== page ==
JACKSON, Miss. (AP) — Farmers and environmentalists have been arguing for decades over proposals for a massive federal flood-control project in the south Mississippi Delta. The fight is continuing into a new presidential administration.
Four conservation groups are suing the Environmental Protection Agency, with the ultimate goal of blocking construction of pumps in the Yazoo Backwater area north of Vicksburg.
The pump project moved closer to reality during Republican President Donald Trump’s four years in office, propelled by lobbying from Mississippi elected officials.
The U.S. Army Corps of Engineers on Friday gave a green light to the project, but Congress has set aside only a portion of the money needed. The estimated price tag is at least $400 million.
It’s unclear how the EPA will view the pumps once the agency gets a new leader as Democrat Joe Biden becomes president, or if the lawsuit by the conservation groups will block what the Corps of Engineers has done.
American Rivers, National Audubon Society, Sierra Club and Healthy Gulf sued the EPA on Jan. 12 in federal court in the District of Columbia. The lawsuit says the pumps would “drain tens of thousands of acres of hemispherically significant wetlands in an ecologically rich and sparsely populated area.”
The EPA vetoed a version of the proposed pump project in 2008, but the agency’s administrator appointed by Trump, Andrew Wheeler, said in April that the EPA would reconsider that decision. An EPA regional administrator in Atlanta wrote Nov. 30 that the current version of the pump project is not subject to the agency’s 2008 veto.
The conservation groups say in their lawsuit that the EPA’s reversal of its own veto disregarded “core principles of administrative law, including the obligation to seek public comment and provide a rational explanation for such an abrupt reversal.”
The flatlands between the Mississippi and Yazoo rivers are dominated by agriculture and dotted with small communities. The area has flooded nine of the past 10 years, including a 2019 deluge that lasted several months.
The current proposal calls for pumps near Deer Creek north of Vicksburg, while a previous proposal would have put them a few miles away.
Opponents say pushing water out of the south Delta could cause worse flooding downstream along the Mississippi River, and that the main beneficiaries of the project would be agribusinesses.
The late Republican Sen. John McCain of Arizona once called the Yazoo Backwater pumps “one of the worst projects ever conceived by Congress.”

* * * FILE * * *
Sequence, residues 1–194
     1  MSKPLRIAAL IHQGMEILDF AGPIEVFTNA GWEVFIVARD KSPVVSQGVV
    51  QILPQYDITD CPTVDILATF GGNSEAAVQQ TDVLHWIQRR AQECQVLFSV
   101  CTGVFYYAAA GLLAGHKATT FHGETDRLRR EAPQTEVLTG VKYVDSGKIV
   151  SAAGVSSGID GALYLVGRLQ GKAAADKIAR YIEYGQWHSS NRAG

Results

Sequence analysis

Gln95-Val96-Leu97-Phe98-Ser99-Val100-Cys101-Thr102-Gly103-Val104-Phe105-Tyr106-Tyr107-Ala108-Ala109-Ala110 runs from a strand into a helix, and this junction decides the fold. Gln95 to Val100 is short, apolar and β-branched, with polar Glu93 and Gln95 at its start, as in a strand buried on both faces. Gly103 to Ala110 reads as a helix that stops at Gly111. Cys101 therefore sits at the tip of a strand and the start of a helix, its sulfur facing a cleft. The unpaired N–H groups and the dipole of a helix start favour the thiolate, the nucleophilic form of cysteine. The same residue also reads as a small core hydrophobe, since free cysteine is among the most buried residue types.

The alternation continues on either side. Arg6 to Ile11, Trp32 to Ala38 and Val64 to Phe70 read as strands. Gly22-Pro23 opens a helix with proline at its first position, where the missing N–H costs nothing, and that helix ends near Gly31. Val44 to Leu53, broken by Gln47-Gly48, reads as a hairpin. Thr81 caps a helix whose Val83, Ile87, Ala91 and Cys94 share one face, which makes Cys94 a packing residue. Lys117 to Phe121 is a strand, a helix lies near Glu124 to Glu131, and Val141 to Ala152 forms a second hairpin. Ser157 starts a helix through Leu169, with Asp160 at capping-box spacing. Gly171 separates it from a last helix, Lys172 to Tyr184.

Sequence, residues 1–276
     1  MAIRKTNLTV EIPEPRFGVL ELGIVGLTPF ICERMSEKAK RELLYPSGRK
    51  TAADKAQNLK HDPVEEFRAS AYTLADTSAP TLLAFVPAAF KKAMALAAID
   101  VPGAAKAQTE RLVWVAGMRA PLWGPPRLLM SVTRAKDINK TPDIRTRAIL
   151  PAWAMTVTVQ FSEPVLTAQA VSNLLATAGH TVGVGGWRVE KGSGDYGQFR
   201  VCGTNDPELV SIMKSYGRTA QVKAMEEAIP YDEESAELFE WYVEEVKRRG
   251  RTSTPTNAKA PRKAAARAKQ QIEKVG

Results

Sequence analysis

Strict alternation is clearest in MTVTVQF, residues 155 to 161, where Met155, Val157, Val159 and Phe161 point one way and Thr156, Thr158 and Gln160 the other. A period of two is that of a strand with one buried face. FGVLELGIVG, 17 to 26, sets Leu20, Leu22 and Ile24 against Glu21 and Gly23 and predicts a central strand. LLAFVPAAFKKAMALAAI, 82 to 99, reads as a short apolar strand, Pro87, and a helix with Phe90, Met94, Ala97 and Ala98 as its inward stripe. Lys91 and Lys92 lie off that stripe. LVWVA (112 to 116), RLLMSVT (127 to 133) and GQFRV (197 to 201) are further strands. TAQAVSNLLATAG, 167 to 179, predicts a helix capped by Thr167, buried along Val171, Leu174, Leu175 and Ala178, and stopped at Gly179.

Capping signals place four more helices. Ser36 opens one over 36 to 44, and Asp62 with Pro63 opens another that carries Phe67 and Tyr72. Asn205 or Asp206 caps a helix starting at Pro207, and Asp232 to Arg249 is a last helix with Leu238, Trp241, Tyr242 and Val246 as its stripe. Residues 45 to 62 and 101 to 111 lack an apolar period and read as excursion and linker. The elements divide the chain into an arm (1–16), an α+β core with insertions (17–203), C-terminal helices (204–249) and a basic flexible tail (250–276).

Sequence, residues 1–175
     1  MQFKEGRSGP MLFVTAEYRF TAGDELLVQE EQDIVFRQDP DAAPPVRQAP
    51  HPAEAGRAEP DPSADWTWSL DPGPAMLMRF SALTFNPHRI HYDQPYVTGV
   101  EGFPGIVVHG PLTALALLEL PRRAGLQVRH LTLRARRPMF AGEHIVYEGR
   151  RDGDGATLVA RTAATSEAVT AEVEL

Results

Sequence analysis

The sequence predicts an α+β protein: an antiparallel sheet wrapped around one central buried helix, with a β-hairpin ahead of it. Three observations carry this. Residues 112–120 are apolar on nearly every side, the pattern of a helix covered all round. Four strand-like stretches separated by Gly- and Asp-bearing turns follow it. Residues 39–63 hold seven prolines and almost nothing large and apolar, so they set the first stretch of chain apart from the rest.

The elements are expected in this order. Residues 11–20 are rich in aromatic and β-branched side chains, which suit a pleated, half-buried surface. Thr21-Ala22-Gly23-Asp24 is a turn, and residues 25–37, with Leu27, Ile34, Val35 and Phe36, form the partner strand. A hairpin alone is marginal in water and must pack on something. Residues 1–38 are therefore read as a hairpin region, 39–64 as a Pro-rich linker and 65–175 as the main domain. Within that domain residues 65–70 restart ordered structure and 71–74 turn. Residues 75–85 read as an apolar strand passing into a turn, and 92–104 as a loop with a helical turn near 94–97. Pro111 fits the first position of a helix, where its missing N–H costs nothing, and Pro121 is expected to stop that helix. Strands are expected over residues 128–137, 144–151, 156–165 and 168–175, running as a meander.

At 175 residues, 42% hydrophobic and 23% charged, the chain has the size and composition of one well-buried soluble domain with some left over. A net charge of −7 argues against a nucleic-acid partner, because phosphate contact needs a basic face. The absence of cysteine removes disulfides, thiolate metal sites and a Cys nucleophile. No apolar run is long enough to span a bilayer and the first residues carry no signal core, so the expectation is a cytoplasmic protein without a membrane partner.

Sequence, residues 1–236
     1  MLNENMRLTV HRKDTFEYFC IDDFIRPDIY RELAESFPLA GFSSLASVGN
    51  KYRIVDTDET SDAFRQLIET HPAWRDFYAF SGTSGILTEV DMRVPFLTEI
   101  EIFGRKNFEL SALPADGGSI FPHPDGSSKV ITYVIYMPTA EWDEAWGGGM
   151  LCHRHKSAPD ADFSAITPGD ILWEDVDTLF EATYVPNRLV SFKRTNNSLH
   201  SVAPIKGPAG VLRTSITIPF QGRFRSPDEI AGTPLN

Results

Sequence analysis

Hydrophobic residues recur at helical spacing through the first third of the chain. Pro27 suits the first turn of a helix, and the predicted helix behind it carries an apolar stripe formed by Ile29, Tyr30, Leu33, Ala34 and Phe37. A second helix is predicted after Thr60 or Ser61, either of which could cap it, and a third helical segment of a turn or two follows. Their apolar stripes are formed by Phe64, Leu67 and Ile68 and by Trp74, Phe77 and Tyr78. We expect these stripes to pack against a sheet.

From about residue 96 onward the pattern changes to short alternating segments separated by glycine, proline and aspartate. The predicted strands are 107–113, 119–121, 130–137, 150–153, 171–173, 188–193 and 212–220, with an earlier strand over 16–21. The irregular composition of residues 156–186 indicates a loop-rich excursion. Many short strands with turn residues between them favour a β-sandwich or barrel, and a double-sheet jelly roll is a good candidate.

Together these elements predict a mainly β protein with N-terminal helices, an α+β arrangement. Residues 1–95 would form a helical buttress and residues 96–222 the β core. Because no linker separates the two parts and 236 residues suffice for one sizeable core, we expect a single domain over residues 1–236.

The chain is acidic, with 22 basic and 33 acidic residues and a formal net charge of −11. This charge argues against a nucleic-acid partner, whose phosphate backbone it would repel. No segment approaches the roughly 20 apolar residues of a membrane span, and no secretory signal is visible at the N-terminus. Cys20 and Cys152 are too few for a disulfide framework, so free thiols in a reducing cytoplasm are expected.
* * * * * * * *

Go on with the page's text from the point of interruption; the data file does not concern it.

The pumps have bipartisan support in Mississippi, including from Democratic U.S. Rep. Bennie Thompson, whose district includes the backwater area.
Republican Gov. Tate Reeves, Republican U.S. Sens. Roger Wicker and Cindy Hyde-Smith and other politicians who support the pump project appeared in Vicksburg on Jan. 11 with Wheeler.
The pumps were originally proposed as part of a larger federal flood-control plan. Wicker said Yazoo Backwater flooding has been exacerbated by other structures that were built as part of that plan, according to the Vicksburg Post.
“So we are going back with the other half of this project that has been authorized for some time and we haven’t been able to get done,” Wicker said. “This balances sound conservation and flood protection; it is based on sound science.”
The Corps of Engineers said in 2020 that pumps would decrease the depth and duration of flooding in the Yazoo Backwater, and that rainfall would keep this part of the Delta from drying out.
The conservation groups say in their lawsuit that the pumps would damage environmentally sensitive areas, including “globally significant habitat for migratory birds and waterfowl.”
The Mississippi Levee Board said in a statement Friday that it will vigorously oppose the lawsuit. The board statement added: “Our community knows better than outsiders how backwater floods can devastate lives, homes and our natural resources.”
About the photo: In this May 23, 2019, file photo, a cotton picking tractor sits in a shed at Grosvenor Farms in Holly Bluff, Miss., as backwater floods the surrounding fields.
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